Rent increase opponents have suggested the city or the council challenge these state mandates or set its own, lower version of fair market rates because there doesn't seem to be any real impetus to increase the rent now.
But council members have said the proposed increases are steep because past councils have shied away from taking on the updates.
Furthermore, the city could land in hot water if it doesn't play by the rules.
According to Sheri Pemberton, the State Lands Commission external affairs division chief, if the city doesn't comply, the commission can let city officials know they are in violation of the regulations and possibly work it out. Depending on the city's response, the commission could pursue legal action.
She said the commission periodically reviews jurisdictions' income and expenditures to ensure that "the revenues are being used in a manner that's consistent with the grant."
The city has cited a 2011 California State Auditor report that found that because the commission has not managed public lands effectively, "the state has lost millions in revenue for the general fund," as a reason for changing harbor use rents now — as opposed to years ago, or in the future after the economy has recovered more.
Beyond its responsibility to the state, the city has said it will use the money from the increases on harbor infrastructure improvements.
Already, staff reports have said, the city has dipped into its general fund to pay for large capital projects, like lower bay dredging.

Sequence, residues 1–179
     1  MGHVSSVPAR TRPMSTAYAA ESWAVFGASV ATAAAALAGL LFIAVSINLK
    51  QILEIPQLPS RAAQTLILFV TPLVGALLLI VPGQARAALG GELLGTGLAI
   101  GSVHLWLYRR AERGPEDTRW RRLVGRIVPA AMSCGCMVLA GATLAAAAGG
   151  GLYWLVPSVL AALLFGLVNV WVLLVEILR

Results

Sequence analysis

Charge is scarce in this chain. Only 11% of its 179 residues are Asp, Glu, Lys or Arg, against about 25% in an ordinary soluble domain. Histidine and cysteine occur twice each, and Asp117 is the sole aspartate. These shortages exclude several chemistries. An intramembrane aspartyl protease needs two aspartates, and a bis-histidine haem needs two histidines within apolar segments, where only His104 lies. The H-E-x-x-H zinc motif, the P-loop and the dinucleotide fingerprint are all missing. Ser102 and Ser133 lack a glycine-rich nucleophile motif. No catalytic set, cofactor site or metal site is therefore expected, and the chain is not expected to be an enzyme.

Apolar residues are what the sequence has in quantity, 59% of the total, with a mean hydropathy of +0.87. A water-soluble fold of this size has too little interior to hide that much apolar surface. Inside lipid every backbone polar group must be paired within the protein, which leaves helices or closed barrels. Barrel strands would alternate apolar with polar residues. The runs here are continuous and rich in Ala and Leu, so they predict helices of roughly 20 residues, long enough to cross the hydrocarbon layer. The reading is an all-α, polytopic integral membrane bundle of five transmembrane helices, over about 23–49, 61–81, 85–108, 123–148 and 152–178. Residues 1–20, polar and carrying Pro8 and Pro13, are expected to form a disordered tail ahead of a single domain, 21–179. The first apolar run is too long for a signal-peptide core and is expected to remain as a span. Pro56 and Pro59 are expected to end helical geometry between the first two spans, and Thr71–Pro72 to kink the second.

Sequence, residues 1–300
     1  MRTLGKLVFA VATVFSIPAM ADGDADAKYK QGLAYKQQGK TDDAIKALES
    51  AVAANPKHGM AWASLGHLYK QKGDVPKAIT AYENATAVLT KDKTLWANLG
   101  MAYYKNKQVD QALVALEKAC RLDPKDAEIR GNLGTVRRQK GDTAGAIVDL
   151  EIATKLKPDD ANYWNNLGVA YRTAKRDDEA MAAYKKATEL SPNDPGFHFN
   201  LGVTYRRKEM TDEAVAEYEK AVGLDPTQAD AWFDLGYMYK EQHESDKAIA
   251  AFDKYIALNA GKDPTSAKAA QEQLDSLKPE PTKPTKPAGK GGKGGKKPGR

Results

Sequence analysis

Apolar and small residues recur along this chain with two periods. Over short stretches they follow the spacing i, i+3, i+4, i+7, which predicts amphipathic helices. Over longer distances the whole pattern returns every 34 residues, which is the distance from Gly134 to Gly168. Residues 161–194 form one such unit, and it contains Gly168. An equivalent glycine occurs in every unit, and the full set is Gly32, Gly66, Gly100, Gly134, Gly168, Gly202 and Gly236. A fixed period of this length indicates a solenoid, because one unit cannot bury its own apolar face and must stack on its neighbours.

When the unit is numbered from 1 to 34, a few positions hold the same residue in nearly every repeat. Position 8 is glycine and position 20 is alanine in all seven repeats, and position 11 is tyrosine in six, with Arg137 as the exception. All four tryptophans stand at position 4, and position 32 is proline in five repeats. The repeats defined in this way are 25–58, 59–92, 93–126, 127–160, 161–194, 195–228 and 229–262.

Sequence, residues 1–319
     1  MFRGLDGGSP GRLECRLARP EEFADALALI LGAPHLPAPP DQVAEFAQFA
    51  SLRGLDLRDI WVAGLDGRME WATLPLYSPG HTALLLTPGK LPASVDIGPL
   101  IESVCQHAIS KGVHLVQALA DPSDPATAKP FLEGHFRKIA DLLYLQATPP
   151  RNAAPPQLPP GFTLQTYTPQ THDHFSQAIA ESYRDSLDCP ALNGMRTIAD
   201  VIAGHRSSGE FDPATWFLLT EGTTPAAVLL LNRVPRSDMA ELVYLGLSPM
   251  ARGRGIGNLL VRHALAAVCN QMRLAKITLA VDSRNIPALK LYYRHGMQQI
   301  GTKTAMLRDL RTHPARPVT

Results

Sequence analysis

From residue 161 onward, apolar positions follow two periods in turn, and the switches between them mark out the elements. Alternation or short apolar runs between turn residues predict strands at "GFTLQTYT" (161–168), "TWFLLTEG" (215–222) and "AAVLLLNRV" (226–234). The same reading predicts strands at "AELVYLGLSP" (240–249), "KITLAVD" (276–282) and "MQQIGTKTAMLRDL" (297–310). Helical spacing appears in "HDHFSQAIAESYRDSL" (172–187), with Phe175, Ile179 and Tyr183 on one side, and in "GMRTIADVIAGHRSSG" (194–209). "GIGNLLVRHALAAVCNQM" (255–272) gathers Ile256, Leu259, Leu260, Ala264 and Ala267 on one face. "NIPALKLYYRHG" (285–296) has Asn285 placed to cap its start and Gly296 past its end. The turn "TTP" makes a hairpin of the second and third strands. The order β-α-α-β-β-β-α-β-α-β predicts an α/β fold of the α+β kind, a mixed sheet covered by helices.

Critics counter that the dock owners are also paying for some coastal beach-related costs, which means beachgoers and visitors are benefiting on their dime.
In response, the council's Tidelands Management Committee has recommended that the council create a sequestered capital improvement fund so that the money raised by the rent increases will be used only for the benefit of the harbor — not coastal beaches.
An ordinance to create the fund will likely go before the full council next year.
Q: So what does all this have to do with the Christmas Boat Parade?
A: A lot.
Stop the Dock Tax representatives have said they've been left no choice but to boycott the parade, and that regardless of public input, the increases will move forward.
"Every year we joyfully spend thousands of dollars to decorate our homes and boats for over 1 million visitors to enjoy," group Chairman Bob McCaffrey wrote in an email newsletter. "We voluntarily spend this money so that children and adults alike can experience this special city that we cherish."
But, he continued, the parade "doesn't happen" if harbor homeowners "turn off the switch."
Parade Chairman David Beek, who agrees that the increases are a "money grab," said a boycott won't hurt the city — it'll hurt residents. The parade is not run by the city, but by the Newport Beach Chamber of Commerce.
"Honestly … the whole thing kind of caught us off guard," he said last week. "I completely understand their frustration, but to boycott the boat parade? Really?
"The average Joe is going to go, 'You've got these really rich people on the bay with their docks, they're going to throw a temper tantrum, they're going to hurt everybody with their inconvenience.'"
But McCaffrey said that the group doesn't have plans to back down.
"We thoroughly understand the ramifications of this boycott on our business community, residents and visiting tourists. This is not a cavalier decision — we realize it will have an economic impact," he wrote. "This is a decision borne out of frustration with our city government that has chosen to treat its residents in a high-handed manner."